Psychogenic amnesia (also known as functional or dissociative amnesia) is an abnormality of memory function that is not attributed to structural brain damage or of a known neurobiological origin. The common presenting symptom is retrograde amnesia, whereby the individual is unable to recall any event leading up to the onset of amnesia itself. This includes all previously stored memories, especially ones that are stressful or traumatic in nature. They are able to form new memories moving forward. There are two types of psychogenic amnesia:
Global amnesia: Also called fugue state, whereby a sudden loss of personal identity occurs that may last from a few hours to an entire day.
Situation-specific: Can occur as the result of a particularly stressfully or traumatic event.
There are three types or patterns of psychogenic amnesia:
Localized: This is when specific areas of knowledge or areas of personal identity, such as childhood, are forgotten. It’s often the result of a traumatic memory or specific trauma—for example, a robbery victim who does not remember being robbed at gunpoint but can recall the detail from the rest of that day.
Generalized: Affects a broader area of a person’s memory, often encompassing major parts of their life. People with this particular symptom may not remember their name, job, or family members.
Fugue: A state of generalized amnesia where sufferers are unable to remember anything from their past. This often leads them to adopt a new identity, as they cannot remember a single detail from their own lives. For example: a man was passed up for promotion and he did not come home from work that night. His family reported him missing to the police, who found him days later. He was found 500 miles away, living under a different name, and he could not recognize his wife and kids. The man was also unable to say who he was or explain his lack of identification.
While psychogenic amnesia has a relatively unknown cause, we do recognize the reasons for its occurrence. It is commonly linked to a particularly stressful or traumatic event that the person has experienced or witnessed. This may include war, abuse, accidents, or natural disasters. There is a possibility of genetics playing a role in the development of psychogenic amnesia, as links to particular cases have had them occur in close relatives.
If a diagnosis of psychogenic amnesia is suspected, the doctor will first try to rule out any primary causes for the condition. This will take the form of a medical history and a physical exam. There are no lab tests to specifically diagnose psychogenic amnesia, but the use of imaging tests—such as CT or MRI—and blood tests may help shed some light if another diagnosis is suspected.
Certain conditions such as head injuries, brain diseases, drug and alcohol intoxication, or even sleep deprivation may all be alternative diagnoses. If none of these are found to be the cause, referral to a psychiatrist or psychologist who specializes in mental illness may be appropriate.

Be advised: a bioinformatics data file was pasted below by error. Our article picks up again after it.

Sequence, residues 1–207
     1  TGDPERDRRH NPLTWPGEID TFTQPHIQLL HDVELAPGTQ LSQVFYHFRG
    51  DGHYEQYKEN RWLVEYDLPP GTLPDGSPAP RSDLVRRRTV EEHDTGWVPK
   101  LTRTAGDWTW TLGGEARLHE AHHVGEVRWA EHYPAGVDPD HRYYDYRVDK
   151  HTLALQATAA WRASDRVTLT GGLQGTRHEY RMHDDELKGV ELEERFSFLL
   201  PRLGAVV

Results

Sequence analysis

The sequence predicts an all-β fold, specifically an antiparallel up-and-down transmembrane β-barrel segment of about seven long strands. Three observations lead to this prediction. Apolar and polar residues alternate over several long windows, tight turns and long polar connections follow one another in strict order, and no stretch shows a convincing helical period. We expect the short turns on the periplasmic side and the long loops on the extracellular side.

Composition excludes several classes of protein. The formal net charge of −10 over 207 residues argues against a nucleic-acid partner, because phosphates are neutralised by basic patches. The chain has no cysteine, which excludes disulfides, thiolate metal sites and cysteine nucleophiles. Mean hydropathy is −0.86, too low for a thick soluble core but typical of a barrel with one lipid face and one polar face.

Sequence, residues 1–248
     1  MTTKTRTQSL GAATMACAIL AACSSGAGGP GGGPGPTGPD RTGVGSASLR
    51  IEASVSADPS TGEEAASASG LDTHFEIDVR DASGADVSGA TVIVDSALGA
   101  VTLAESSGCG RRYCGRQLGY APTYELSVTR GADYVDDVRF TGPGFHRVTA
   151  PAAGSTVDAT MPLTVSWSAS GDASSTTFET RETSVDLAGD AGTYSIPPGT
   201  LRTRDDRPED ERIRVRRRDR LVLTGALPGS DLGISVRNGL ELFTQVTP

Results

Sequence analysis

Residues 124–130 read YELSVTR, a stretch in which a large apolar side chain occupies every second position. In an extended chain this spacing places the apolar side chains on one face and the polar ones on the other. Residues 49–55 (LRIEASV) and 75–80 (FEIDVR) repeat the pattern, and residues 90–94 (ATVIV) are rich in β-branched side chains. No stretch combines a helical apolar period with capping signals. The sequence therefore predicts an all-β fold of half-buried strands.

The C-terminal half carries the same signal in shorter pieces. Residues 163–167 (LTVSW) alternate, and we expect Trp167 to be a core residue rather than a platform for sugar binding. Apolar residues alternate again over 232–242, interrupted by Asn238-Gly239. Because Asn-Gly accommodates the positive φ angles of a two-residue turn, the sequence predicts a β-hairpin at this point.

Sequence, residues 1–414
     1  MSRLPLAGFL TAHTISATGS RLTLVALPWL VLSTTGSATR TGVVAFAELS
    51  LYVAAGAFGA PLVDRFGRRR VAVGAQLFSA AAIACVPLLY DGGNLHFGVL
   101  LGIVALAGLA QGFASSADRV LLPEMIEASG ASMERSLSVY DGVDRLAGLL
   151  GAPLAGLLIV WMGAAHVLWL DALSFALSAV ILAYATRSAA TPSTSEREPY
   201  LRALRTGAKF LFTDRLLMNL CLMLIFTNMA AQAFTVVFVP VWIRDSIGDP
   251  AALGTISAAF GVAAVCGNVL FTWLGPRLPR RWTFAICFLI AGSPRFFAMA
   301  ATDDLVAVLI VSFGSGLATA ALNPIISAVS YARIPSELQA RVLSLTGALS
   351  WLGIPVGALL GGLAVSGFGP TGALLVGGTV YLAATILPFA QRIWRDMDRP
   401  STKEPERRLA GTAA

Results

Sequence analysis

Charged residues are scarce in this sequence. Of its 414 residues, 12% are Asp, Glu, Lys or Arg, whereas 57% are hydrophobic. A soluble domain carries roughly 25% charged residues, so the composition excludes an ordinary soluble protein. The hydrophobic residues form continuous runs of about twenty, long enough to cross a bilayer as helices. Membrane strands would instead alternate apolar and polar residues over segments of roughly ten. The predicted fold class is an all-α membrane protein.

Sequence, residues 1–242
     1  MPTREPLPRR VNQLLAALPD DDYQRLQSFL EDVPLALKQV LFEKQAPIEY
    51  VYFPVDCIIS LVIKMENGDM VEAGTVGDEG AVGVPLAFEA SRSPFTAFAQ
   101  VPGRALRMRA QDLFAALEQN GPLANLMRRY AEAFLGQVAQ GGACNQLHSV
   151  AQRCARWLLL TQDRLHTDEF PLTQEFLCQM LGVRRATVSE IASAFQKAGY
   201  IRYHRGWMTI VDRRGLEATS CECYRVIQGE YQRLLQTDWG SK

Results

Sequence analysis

Treatment for such a condition can be difficult and complex, as it does not have an identifiable organic cause. But it may be useful to provide support and try to “reconnect” with the person who has lost their memories. It may be necessary to help them develop new coping skills and life skills to become a functional member of society again. Improving relationships with family and loved ones now forgotten can help the amnesiac safely deal with and manage the likely traumatic causative event.
The use of various treatment options will depend on the particular case and person—the type of amnesia and its severity will grant unpredictable results. The following are some treatment options employed in amnesia patients:
Psychotherapy: This is the main treatment for dissociative disorders and generally consists of many sessions of speaking to a psychotherapist to get to the root of the problem.
Cognitive-behavioral therapy: A form of psychotherapy focusing on changing harmful thinking patterns, feeling, and behaviors.
Eye movement desensitization and reprocessing: A technique that is designed to treat people who have continuing nightmares, flashbacks, and other symptoms of post-traumatic stress disorder (PTSD).
Dialectic-behavior therapy: A form of psychotherapy for those with severe personality disturbances.
Family therapy: Having this kind of support helps teach the family about the disorder and can help the person affected potentially regain their memories.
Creative therapies: This includes art and music, and it allows the patient to explore and express their thoughts and feelings in a creative environment, possibly revealing something not able to be expressed in words.
Meditation and relaxation techniques: May help calm the internal state of the patient, making them more receptive to treatment.
Clinical hypnosis: This is done through the use of intense relaxation, concentration, and focused attention in an attempt to achieve a different state of consciousness. It may allow the patient to explore thoughts, feelings, and memories that are hidden from the consciousness mind.
Medication: While no particular medication exists for psychogenic amnesia, coinciding symptoms may require prescription medication, such as depression or anxiety.
Fortunately, those with psychogenic amnesia usually respond well to treatment and often see a full recovery. This is often dependant on the level of support they receive and whether they are able to resolve their feelings about the particular traumatic event.